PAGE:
During WWI, Gen. John Pershing needed switchboard operators in the field. More than 200 women fluent in English and French answered the call. “These women took between 5 and 10 seconds to make a connection,” Wilson said. “It took men, trained the same, to make those connections in 50 to 55 seconds. How many lost connections never got through? Gen. Pershing said they shortened the length of World War I by one year.”
It's stories like these that could inspire the next generation of women servicemembers.
“What we want to see is more women joining the military,” said Forsythe, host of The American Legion Be the One podcast. “We need to look to the next generation of leaders. It’s so critical right now. We need to share these stories to inspire these women.”
• “Unfiltered with the VA.” Terrence Hayes, a press secretary with the Department of Veterans Affairs (VA), talked about the department’s ongoing efforts to support veterans. Hayes, a retired Army combat veteran, said that VA wants to ensure consistent outcomes for veterans regardless of where they file their claim or who handles it.
Hayes cited an example that one veteran may have a positive experience in one VA while another veteran with a similar claim may not experience the same quality of service at a different clinic.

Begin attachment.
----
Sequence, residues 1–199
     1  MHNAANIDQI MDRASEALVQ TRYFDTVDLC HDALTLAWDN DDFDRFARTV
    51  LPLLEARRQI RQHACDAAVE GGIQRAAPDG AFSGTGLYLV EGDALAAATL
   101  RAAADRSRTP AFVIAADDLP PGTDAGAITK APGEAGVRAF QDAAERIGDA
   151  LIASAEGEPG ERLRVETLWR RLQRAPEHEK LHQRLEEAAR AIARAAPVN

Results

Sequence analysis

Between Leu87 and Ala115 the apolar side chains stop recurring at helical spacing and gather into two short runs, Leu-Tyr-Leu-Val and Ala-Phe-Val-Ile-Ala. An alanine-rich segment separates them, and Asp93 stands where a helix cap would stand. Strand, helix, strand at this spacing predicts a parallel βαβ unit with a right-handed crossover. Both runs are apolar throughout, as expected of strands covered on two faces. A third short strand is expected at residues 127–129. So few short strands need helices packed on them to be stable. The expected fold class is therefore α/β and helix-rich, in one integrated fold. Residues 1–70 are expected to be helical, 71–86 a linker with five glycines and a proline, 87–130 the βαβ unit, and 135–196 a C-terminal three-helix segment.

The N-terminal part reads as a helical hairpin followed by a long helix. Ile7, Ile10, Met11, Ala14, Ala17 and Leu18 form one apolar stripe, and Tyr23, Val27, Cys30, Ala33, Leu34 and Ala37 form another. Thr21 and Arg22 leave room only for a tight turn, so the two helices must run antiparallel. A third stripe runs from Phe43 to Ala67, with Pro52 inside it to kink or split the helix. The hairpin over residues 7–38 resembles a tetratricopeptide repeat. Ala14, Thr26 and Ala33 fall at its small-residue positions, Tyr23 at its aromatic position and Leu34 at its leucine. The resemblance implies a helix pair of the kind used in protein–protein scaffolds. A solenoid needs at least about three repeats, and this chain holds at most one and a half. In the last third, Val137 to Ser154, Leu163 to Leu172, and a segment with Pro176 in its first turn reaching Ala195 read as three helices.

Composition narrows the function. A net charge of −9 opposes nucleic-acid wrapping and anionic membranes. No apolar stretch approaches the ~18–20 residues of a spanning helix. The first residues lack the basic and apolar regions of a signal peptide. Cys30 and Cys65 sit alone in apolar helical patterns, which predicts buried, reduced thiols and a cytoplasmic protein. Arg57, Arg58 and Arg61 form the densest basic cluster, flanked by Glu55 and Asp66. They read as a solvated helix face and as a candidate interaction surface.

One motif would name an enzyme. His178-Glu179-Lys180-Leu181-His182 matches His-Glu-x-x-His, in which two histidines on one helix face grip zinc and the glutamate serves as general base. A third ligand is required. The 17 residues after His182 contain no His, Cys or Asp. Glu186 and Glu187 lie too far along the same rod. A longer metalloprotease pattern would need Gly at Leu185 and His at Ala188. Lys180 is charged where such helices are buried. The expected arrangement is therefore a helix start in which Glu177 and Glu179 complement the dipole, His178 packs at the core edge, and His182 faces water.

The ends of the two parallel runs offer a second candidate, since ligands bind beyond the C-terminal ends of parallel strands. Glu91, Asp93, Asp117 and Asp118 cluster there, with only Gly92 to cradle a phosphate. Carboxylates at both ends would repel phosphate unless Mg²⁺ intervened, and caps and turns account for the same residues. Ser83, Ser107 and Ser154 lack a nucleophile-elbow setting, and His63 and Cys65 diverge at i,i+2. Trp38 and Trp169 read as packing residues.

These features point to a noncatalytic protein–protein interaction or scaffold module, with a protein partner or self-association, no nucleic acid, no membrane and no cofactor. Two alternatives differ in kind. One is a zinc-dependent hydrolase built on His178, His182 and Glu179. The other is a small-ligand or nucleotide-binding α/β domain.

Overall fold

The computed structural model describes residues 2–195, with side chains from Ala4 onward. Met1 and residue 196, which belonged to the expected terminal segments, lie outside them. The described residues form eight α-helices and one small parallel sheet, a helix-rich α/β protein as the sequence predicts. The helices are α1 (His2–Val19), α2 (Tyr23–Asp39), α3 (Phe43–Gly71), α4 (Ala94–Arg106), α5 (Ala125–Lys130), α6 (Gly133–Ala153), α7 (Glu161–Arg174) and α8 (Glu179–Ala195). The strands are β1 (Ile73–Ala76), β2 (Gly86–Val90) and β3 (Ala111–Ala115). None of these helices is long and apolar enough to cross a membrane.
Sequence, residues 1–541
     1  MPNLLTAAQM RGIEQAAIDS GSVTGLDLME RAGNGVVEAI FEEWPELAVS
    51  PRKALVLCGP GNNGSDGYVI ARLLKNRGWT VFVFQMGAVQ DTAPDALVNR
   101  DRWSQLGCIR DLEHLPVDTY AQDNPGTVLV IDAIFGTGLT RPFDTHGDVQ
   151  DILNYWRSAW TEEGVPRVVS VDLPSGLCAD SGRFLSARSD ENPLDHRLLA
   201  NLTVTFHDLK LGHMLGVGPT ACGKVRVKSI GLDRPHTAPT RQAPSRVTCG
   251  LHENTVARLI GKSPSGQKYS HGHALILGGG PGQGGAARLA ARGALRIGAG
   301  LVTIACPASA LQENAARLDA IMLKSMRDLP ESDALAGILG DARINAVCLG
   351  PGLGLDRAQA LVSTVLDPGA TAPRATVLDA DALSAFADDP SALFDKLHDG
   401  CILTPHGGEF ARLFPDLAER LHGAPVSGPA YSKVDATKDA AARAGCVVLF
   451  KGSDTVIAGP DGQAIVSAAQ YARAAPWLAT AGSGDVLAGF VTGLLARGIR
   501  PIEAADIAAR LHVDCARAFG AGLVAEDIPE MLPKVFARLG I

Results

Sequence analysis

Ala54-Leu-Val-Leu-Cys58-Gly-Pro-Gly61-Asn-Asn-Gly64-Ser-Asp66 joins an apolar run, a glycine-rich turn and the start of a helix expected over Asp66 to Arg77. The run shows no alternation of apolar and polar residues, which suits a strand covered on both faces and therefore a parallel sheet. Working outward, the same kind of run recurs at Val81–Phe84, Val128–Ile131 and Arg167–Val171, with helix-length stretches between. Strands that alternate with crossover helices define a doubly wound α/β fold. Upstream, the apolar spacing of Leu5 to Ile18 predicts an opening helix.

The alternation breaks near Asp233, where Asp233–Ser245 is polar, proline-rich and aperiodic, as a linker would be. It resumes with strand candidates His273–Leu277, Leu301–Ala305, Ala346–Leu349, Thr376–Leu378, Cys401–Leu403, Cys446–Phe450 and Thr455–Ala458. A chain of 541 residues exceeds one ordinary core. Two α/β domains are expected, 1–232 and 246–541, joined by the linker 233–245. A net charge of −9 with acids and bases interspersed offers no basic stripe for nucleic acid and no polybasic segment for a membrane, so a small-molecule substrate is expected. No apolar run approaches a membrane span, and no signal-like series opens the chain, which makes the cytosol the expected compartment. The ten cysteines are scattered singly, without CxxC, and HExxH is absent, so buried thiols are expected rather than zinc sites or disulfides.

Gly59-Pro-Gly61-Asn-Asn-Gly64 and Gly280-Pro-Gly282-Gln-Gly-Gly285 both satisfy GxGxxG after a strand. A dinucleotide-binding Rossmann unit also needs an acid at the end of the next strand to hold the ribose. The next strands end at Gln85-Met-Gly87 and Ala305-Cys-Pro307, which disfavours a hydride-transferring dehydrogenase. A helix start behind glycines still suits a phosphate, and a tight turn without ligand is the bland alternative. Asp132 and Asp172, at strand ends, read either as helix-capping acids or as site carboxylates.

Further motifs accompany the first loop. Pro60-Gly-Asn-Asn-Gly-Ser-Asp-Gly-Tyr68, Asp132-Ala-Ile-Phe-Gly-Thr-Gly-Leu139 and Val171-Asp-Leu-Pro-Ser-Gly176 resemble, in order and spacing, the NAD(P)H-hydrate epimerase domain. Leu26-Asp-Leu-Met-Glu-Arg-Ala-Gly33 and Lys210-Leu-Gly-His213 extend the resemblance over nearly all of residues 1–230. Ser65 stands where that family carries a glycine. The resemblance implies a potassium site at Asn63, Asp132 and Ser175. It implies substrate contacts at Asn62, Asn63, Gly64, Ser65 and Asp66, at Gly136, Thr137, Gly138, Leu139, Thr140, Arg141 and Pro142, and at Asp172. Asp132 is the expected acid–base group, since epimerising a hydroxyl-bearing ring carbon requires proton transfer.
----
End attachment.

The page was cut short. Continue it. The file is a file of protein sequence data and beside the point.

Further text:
“It’s a tricky situation,” he said. “We have to do a better job at educating our adjudicators when it comes to the claims process. We are actively working to clean that up because the president is demanding it and we have to do better for our veterans.”
• “Own Your Path: Eliminating the Narrative of the Broken Veteran.” The panel offered several recommendations for transitioning servicemembers. Among them: find a mentor, determine your priorities and involve the entire family.
Samantha Domingo, whose husband served in the Air Force for 17 years, said that made the difference in keeping her family together. “Transition as a family, bring in your spouse, and your kids, too. Give yourself grace. You won’t regret it,” said Domingo, a talent strategist at Lockheed Martin Space.
Looking into the future, Hoover sees the inaugural MCON as a launching point.
“Our goal is — and has always been — to create the largest celebration of military culture,” he said, adding that future MCONs will be in Las Vegas around Veterans Day. “It’s really special to have The American Legion, Be the One supporting this experience. There is so much room to grow. We’re just thrilled that The American Legion sees and believes in this vision.”